A routine for creating decision making

1. List the obvious options. There would not be a decision unless there were at least two or three obvious options.
2. Now brainstorm all sorts of different options to find the "hidden" options. Often there are hidden options that are the real best choices. Be imaginative! Piggyback on ideas already up, combine ideas to get new ones, look for ideas of a very different kind, imagine you are in different roles and suggest ideas from the perspective of those roles, etc.
3. Ask: What have we learned about the situation from finding these options? This is a way of understanding the situation better.
You may want to go on to a routine for comparing and choosing among options.
 
Purpose: What kind of thinking does this routine encourage?
This routine fosters creative thinking. It helps explore “hidden” options in a decision making situation. Often people don’t make good decisions because they miss the hidden options. It is also relevant to understanding. It helps in building an understanding of decision-making situations even when you are not the real decision maker.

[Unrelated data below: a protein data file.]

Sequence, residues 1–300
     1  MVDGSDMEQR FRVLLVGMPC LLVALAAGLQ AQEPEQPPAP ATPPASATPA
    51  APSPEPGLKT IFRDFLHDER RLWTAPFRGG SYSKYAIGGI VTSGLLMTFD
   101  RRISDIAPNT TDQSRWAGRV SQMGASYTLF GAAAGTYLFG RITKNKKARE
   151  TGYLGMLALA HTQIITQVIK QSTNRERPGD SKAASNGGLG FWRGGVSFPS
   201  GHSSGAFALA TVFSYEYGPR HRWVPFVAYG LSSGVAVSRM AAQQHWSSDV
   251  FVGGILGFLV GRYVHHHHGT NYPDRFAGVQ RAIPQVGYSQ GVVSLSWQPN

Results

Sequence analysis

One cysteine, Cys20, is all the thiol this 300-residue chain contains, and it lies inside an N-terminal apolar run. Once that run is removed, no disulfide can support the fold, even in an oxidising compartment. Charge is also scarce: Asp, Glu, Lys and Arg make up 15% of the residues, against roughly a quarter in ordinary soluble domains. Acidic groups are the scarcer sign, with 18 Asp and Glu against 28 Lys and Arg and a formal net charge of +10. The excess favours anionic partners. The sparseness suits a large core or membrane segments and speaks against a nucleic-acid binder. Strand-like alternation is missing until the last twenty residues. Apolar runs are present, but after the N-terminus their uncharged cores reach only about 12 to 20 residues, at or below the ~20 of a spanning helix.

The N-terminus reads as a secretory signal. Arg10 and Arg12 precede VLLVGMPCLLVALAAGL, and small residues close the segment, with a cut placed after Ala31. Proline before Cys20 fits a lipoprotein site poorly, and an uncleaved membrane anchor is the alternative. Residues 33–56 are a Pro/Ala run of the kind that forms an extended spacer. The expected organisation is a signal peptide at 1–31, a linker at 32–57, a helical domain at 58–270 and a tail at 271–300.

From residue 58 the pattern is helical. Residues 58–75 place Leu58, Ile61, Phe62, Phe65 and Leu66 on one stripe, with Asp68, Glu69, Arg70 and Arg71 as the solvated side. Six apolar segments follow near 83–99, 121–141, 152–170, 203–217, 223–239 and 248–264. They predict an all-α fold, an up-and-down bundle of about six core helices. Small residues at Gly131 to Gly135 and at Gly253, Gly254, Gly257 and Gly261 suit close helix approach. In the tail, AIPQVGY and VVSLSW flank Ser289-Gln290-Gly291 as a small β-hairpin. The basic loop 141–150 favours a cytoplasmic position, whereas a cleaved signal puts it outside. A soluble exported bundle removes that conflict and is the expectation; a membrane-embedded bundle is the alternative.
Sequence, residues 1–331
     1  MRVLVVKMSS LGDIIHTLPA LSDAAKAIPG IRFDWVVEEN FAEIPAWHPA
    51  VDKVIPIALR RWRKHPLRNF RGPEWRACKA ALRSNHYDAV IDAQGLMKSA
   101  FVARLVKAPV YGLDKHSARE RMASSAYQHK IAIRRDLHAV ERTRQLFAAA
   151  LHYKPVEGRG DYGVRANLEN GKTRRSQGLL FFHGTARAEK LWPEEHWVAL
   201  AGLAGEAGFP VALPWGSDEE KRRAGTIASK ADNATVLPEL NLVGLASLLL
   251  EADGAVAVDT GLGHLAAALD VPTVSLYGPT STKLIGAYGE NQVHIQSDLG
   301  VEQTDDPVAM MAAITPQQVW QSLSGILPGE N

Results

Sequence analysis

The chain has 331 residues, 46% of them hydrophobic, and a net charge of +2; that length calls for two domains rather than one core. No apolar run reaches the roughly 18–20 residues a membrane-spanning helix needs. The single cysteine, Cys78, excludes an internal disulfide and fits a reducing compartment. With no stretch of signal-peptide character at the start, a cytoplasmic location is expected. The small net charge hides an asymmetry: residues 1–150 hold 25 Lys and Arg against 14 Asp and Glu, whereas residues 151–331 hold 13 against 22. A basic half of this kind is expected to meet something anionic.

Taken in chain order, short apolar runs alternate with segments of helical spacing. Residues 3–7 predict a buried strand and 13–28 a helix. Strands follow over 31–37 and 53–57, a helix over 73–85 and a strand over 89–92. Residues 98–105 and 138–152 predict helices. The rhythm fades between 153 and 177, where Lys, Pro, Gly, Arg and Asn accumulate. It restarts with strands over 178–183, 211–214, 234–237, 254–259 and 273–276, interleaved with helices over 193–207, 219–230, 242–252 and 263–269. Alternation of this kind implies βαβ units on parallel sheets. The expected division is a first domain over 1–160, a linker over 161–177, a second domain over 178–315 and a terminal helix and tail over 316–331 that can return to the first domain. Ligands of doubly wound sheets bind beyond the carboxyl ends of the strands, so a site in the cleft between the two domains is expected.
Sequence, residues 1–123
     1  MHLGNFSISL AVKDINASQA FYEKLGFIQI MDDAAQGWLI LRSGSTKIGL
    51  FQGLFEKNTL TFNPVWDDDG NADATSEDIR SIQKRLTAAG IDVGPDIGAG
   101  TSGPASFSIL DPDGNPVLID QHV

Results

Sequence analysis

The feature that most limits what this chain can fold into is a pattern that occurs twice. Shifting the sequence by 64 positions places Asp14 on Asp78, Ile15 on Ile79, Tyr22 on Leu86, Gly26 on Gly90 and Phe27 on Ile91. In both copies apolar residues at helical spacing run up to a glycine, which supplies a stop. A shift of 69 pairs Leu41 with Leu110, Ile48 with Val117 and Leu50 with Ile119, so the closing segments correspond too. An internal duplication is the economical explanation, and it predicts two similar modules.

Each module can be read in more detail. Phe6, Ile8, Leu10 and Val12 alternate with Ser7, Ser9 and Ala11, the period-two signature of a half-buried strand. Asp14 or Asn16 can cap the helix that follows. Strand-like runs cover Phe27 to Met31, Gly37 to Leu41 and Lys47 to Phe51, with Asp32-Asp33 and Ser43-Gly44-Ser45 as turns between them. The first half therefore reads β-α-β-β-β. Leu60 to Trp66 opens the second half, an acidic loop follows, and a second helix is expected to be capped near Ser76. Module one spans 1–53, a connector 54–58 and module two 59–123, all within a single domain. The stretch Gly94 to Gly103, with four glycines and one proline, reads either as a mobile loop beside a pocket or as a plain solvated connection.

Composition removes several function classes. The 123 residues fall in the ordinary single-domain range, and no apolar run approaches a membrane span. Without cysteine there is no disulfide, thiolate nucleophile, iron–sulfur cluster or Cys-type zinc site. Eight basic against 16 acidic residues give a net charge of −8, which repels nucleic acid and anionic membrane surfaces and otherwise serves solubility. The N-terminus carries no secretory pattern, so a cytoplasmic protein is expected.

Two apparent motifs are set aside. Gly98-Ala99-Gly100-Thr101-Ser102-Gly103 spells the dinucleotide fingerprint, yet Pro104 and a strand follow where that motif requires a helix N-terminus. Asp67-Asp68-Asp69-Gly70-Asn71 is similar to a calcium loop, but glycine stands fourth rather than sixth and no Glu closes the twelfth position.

Application: When and where can I use it?
Students can use it for personal decision making or you and students can use it for classroom decision making. Also, you can use it with students as a way of exploring and understanding important decisions in the news or history or literature or science policy or medical policy, etc. You can ask students to make the decision personal by role playing, imagining that they were in the situation.
 
Launch: What are some tips for starting and using this routine?
Emphasize that maybe there are good hidden options, maybe not – we have to find out by looking. Put the ideas on the blackboard or have students write them on Post-its and stick them up. Use an explosion-like diagram with radiating lines instead of a list if you want to emphasize the spirit, but a list is okay too.

Remember, crazy ideas are okay – they are just part of the mix and they may lead to something else by piggybacking.

In many classroom situations the point is to use creative thinking to understand the situation better, as in step 3. You don’t need a final decision. You can decide whether it’s a good idea to go on to another routine for choosing among the options. Or you can just take a quick vote on some of the likely options. If you want, you can do this before step 3, to give students a little more to discuss in step 3.
 
 

 

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